A report in the Tuesday April 21, 2015 edition of The New York Times is sadly profound! It draws attention to an estimated 1.5 million black men who are missing from everyday life due to incarceration and early deaths. That is 1.5 million men who are not helping to financially support their families or raise their children. They are not available to develop into role models or add to the nation’s cultural richness or innovative tapestry of industry.
I read this article and had to share it. The circumstances surrounding incarceration, racial subjugation and violence leading to the disappearance of these men point to the social, economic and racial disparities existing in this nation since its founding 239 years ago. Yes, progress has been made, but when you put it in the perspective of a million and a half men missing from everyday life, it shows that there is still a long way to go to eradicate the social undertow at the root of this sad statistic.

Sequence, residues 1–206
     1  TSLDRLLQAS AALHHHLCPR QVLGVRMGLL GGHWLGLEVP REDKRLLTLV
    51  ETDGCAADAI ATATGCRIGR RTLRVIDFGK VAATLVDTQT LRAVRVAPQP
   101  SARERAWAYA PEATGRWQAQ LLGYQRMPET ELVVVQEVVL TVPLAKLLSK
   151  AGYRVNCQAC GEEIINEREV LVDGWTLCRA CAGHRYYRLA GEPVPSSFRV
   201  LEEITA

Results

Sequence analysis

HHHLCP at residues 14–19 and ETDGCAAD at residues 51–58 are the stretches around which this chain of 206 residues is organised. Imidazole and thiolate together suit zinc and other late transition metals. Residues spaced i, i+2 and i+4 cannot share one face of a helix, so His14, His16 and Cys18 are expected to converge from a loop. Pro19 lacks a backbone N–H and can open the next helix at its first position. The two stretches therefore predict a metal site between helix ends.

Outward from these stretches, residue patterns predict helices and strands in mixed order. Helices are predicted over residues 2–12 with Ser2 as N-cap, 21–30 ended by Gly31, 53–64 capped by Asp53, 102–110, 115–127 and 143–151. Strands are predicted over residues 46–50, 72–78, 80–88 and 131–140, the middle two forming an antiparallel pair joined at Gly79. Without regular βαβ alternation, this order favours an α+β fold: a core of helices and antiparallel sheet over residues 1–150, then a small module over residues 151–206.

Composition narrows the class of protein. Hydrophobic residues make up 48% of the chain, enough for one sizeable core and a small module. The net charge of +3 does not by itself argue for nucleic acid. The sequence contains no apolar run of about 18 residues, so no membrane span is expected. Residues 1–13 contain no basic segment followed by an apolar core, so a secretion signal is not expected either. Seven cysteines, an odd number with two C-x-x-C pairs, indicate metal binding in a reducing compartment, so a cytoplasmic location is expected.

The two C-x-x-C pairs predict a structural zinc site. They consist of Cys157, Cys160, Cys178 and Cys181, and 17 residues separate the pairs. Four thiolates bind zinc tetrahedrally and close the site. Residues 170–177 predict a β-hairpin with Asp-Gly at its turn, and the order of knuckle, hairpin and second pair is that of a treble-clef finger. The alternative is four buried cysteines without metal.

Here is an excerpt from the article:
“African-American men have long been more likely to be locked up and more likely to die young, but the scale of the combined toll is nonetheless jarring. It is a measure of the deep disparities that continue to afflict black men — disparities being debated after a recent spate of killings by the police — and the gender gap is itself a further cause of social ills, leaving many communities without enough men to be fathers and husbands.
Perhaps the starkest description of the situation is this: More than one out of every six black men who today should be between 25 and 54 years old have disappeared from daily life.”
You can read the entire aritcle here:
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